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Creation 11(1):47–50, December 1988

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Science: The rules of the game

As the ‘rules’ of science are now defined, creation is forbidden as a conclusion—even if true.

by Carl Wieland

Photo 13762690 © Dary423 | Dreamstime.comrules-of-the-game

‘Creationism isn’t science.’

‘Creationists don’t understand the rules of what science is, or they deliberately ignore them.’

Comments such as these flow readily from the pens of the many critics of the modern creationist movement. Why are such statements so widely and passionately believed? It will be shown that the real rule creationists are transgressing against is one which does not properly belong to a scientific inquiry into origins, and one which effectively imposes a religious dogma upon science.

As far back as 1988, the year an earlier version of this article appeared, Rhonda Jones (at the time Professor of Zoology, James Cook University, Townsville, Australia) reacted with what she called ‘stunned indignation’ to the suggestion that science students should have evidence for creation presented to them along with evidence for evolution (Quadrant, August, 1988).

She gave two criteria which she claimed were universal to all definitions of science. She insisted that evolutionary theory meets both requirements, but creationism meets neither. Let’s examine these.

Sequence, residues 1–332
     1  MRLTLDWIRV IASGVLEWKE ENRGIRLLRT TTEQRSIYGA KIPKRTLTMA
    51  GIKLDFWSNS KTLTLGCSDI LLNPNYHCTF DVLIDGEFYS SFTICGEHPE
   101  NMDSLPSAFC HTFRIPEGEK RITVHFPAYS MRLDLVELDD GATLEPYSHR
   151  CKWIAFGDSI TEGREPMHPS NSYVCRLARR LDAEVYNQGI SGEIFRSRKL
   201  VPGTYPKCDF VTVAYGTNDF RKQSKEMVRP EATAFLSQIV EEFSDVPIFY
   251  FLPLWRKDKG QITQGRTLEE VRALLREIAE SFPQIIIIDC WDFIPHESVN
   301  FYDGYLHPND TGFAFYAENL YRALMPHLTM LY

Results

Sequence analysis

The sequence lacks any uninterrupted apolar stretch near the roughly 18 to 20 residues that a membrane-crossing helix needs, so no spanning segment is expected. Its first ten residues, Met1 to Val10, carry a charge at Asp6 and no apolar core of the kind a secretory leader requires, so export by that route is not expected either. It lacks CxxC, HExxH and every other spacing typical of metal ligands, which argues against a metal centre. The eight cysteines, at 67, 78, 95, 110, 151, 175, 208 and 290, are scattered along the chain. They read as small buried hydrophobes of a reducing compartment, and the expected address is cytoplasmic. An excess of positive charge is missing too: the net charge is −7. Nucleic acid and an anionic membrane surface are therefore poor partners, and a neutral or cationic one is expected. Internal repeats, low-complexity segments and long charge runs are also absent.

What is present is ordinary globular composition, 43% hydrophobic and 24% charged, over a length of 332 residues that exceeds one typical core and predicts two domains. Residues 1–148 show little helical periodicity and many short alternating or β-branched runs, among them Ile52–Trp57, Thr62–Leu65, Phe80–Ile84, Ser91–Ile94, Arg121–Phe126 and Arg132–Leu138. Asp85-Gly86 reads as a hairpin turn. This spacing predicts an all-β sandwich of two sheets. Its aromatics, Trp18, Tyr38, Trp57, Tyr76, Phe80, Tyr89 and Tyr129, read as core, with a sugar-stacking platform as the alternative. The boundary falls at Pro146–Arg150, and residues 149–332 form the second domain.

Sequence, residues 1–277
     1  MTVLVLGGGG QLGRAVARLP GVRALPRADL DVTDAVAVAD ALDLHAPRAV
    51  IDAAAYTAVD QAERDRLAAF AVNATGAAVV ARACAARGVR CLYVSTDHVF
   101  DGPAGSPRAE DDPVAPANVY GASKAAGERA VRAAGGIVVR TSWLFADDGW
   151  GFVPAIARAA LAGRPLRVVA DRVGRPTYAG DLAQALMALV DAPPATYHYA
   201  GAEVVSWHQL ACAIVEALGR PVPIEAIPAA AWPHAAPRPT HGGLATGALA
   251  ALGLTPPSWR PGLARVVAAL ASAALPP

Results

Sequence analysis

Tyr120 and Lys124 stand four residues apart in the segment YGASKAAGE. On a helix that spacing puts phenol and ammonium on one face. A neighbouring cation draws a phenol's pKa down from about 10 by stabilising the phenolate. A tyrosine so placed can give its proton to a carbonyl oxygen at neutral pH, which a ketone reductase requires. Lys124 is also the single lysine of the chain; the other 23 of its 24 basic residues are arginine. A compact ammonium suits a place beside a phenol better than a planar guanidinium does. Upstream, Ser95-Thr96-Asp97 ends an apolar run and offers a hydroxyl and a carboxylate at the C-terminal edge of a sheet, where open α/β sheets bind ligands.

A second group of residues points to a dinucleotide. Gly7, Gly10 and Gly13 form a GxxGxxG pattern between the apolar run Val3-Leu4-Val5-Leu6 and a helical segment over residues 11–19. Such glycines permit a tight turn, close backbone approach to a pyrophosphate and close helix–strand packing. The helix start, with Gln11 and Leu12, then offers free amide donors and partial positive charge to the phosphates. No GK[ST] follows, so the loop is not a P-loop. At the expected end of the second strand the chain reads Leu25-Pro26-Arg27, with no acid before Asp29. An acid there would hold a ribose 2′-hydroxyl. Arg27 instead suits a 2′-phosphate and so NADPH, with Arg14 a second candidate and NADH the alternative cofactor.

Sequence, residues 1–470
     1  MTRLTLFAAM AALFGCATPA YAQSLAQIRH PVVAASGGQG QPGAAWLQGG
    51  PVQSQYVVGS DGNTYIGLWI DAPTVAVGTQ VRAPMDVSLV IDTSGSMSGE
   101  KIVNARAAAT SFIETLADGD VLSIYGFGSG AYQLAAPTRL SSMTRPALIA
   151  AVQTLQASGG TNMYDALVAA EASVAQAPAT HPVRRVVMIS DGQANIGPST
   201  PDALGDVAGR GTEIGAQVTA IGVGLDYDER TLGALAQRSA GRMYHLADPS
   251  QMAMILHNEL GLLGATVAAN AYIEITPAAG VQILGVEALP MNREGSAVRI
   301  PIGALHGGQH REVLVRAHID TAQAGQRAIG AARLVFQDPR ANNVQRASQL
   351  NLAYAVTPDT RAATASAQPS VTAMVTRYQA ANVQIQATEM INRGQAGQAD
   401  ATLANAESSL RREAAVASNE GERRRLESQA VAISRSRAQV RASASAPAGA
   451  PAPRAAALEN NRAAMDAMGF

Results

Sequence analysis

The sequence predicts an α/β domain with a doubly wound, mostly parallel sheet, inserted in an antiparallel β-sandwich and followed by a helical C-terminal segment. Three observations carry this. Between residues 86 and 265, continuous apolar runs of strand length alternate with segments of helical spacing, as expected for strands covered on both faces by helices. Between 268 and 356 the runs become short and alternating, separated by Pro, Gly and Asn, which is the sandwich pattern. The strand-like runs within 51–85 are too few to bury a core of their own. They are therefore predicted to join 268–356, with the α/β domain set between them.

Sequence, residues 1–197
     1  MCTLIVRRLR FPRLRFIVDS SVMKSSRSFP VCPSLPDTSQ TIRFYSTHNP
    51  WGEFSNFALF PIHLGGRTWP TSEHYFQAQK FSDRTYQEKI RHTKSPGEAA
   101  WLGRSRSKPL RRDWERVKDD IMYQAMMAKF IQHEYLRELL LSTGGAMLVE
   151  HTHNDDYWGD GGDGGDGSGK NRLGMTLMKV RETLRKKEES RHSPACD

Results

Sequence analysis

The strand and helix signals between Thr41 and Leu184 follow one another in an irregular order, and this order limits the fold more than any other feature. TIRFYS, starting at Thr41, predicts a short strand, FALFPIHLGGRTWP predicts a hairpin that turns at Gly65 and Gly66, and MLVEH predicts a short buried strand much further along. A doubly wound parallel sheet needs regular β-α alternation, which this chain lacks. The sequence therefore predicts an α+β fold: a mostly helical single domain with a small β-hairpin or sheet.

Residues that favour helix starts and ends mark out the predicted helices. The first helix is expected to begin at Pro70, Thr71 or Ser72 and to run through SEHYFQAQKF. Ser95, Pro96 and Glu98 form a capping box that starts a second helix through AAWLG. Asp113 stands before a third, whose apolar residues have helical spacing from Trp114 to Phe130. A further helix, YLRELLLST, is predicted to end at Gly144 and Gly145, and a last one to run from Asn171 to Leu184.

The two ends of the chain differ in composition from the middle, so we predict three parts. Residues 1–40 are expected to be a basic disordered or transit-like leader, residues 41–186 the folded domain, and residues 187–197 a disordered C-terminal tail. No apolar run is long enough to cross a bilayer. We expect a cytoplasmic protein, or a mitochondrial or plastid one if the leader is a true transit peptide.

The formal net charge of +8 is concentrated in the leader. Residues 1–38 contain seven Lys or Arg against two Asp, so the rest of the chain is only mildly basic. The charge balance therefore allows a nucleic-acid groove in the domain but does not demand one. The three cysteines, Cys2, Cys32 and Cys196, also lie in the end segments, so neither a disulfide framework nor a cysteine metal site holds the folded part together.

(1) ‘Correctibility—some acknowledgment that what we currently think can be changed by future discoveries.’

It is a common caricature of creationism to paint it as a fixed, immovable set of ideas that leaves no room for change or discussion, as opposed to ‘real’ science (read ‘evolutionary theorizing’) which is vibrantly alive with constantly changing ideas and concepts refined by new evidence.

This is, of course, simply not true. There are, always have been, and presumably always will be many healthy scientific controversies among creation-oriented scientists. There are many instances where certain models and theories within the framework of biblical creation have fallen out of or into favour as more data becomes available.

It is true of course that there is a ‘bottom line’ for biblical creationists—belief that Genesis creation is straightforward truth. However, there is a ‘bottom line’ for evolutionary theorists too, one that is just as fixed and immovable, in my experience. It too is non-negotiable—namely a belief that the world has made itself. Put another way, it is a belief that natural processes and causes must have been sufficient to build planets and people from particles.